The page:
L7
Role of Home Environmental Staphylococcus Aureus Bacterial Allergens in Childhood Asthma
Sunday, March 6, 2016
South Exhibit Hall H (Convention Center)
Meghan F. Davis, DVM, MPH, PhD, Shanna Ludwig, PhD, Emily Brigham, MD, Meredith C. McCormack, MD, Elizabeth Matsui, MD MHS
Rationale: Staphylococcus aureus (SA) may induce allergic (Th2-biased) inflammatory responses through secreted staphylococcal enterotoxin (SE) A-D superantigens. SA is known to exacerbate eczema and increasingly is implicated in asthma exacerbations. We quantified putative staphylococcal allergens in home dust using a bacterial genetic method, then we associated SA/SE exposures with respiratory symptoms among children with asthma.

Methods: We measured SA (femB) and SEA-D genes in home dust extracts from the randomization visit (before treatment) in the completed Asthma Control Evaluation cohort (NCT00114413) using real-time PCR. We tested cross-sectional associations between dust exposures and self-reported respiratory symptoms in 245 inner-city children with asthma (~50% of the cohort) using linear and binomial regression modeling.

Results: We identified SA genes in 189 (77%) of 245 homes, with prevalence of any SE gene detection as follows: SEA (60%); SEB (52%); SEC (51%); SED (63%). Among children with asthma, mean ACT score was 20.7 and mean days of symptoms in the prior two weeks were: wheeze/cough: 2.2; interference with activities: 1.2; sleep disruption: 0.6. Strong dust SEA detection, i.e. threshold cycle (Ct)≤35, was associated with worse ACT score [β=-1.46, p=0.01] and increased odds of having a symptom day for each of the two-week outcomes, e.g. [wheeze/cough OR 1.55, p<0.001]. SA and SEB-SED were variably associated or were not associated with respiratory symptom outcomes.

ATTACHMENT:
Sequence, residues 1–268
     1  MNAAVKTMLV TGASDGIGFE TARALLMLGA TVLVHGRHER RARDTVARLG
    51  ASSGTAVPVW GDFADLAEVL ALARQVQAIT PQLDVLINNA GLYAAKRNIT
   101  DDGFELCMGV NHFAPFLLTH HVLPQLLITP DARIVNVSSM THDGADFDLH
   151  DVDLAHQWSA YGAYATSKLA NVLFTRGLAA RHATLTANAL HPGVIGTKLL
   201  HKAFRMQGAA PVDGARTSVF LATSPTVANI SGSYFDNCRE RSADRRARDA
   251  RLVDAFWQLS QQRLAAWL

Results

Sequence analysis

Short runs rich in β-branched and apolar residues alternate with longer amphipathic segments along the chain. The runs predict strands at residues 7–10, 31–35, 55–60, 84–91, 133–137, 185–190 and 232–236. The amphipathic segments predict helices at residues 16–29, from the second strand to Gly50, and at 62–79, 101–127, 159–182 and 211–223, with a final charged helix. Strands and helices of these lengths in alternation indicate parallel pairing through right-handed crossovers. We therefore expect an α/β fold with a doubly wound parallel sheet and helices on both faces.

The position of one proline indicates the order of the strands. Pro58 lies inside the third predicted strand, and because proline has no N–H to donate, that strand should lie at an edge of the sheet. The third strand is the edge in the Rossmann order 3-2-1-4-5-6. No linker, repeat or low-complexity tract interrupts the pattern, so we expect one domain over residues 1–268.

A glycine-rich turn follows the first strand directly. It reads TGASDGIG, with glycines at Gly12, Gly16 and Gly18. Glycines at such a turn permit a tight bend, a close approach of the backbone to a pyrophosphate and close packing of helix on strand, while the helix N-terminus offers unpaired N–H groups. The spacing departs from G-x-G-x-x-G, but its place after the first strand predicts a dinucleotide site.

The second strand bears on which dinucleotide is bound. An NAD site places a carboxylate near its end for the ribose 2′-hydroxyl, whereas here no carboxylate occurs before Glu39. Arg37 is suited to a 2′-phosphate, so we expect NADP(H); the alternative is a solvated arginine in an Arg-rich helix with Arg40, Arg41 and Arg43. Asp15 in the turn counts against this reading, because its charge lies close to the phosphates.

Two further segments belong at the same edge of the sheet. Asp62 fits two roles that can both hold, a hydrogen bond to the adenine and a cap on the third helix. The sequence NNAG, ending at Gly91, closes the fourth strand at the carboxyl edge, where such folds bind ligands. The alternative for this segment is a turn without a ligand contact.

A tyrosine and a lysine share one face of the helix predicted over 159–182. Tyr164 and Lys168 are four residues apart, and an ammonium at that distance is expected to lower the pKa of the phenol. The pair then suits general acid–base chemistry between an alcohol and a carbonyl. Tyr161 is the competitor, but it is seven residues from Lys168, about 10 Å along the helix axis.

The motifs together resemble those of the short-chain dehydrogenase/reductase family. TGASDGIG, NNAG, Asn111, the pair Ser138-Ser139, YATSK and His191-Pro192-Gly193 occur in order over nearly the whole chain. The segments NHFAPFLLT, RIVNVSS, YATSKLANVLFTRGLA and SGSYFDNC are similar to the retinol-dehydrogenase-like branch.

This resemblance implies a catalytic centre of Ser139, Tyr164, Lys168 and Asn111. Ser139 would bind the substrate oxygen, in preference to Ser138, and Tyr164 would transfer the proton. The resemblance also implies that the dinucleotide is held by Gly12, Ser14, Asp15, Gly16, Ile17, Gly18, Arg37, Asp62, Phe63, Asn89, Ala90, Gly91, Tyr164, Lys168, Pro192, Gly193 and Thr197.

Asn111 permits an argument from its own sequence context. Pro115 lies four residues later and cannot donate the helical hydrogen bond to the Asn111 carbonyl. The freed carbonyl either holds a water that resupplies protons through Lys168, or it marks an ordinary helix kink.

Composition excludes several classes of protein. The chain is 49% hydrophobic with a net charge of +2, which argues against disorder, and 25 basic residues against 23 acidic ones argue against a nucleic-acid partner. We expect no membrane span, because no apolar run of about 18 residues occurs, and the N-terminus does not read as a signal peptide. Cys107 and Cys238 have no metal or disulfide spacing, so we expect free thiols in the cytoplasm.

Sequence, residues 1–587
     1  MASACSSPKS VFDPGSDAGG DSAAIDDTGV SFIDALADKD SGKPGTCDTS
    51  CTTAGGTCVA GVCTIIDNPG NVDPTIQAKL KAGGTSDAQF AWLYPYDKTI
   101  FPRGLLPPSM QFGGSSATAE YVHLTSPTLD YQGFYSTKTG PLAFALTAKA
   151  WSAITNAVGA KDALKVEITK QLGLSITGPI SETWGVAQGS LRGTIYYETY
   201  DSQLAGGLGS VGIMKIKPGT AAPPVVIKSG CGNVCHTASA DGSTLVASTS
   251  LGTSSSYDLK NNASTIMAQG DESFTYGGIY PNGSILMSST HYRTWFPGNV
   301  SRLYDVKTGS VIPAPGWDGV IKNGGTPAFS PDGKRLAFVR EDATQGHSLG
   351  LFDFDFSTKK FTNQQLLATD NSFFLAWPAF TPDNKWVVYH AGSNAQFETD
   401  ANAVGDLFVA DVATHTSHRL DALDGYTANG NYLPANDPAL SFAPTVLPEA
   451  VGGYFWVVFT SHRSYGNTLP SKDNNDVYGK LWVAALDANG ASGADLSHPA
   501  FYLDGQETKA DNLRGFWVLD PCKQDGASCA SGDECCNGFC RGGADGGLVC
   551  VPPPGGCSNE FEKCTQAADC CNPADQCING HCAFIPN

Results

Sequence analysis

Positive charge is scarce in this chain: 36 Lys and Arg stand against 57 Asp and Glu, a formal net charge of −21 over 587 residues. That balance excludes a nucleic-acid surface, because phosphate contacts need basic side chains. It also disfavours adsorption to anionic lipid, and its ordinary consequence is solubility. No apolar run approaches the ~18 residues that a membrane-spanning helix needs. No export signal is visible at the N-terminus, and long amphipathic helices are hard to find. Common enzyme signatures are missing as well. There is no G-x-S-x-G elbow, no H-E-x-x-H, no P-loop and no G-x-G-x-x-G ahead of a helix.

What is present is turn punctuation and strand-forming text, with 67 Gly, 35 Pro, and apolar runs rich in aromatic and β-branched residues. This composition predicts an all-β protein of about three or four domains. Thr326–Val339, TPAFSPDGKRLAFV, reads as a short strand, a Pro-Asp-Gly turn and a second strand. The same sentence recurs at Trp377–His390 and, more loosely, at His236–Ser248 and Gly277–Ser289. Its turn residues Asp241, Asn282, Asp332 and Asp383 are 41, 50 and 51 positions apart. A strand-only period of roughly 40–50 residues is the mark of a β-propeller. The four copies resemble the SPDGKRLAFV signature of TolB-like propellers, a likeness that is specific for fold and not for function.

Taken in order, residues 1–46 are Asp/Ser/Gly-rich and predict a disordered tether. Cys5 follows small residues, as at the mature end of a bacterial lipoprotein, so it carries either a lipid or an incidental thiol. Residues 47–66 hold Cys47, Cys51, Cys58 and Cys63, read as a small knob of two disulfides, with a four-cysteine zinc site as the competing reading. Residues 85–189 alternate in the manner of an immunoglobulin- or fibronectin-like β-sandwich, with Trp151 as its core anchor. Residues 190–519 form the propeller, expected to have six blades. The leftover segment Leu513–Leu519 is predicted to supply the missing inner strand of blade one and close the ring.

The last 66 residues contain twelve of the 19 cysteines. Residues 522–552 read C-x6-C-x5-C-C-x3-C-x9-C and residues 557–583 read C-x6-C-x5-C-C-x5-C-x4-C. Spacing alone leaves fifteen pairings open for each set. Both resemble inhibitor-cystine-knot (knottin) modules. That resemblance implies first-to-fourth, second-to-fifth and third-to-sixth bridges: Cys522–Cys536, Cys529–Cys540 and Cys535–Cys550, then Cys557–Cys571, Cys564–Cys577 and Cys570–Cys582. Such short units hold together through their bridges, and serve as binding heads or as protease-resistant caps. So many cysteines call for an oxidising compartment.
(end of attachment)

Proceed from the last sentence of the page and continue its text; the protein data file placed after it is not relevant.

Conclusions: Home staphylococcal dust exposures (SA/SE) were common among inner-city children with asthma. Dust SEA detection consistently was associated with increased respiratory symptoms in this cohort. Longitudinal studies are needed to confirm and explicate this novel finding.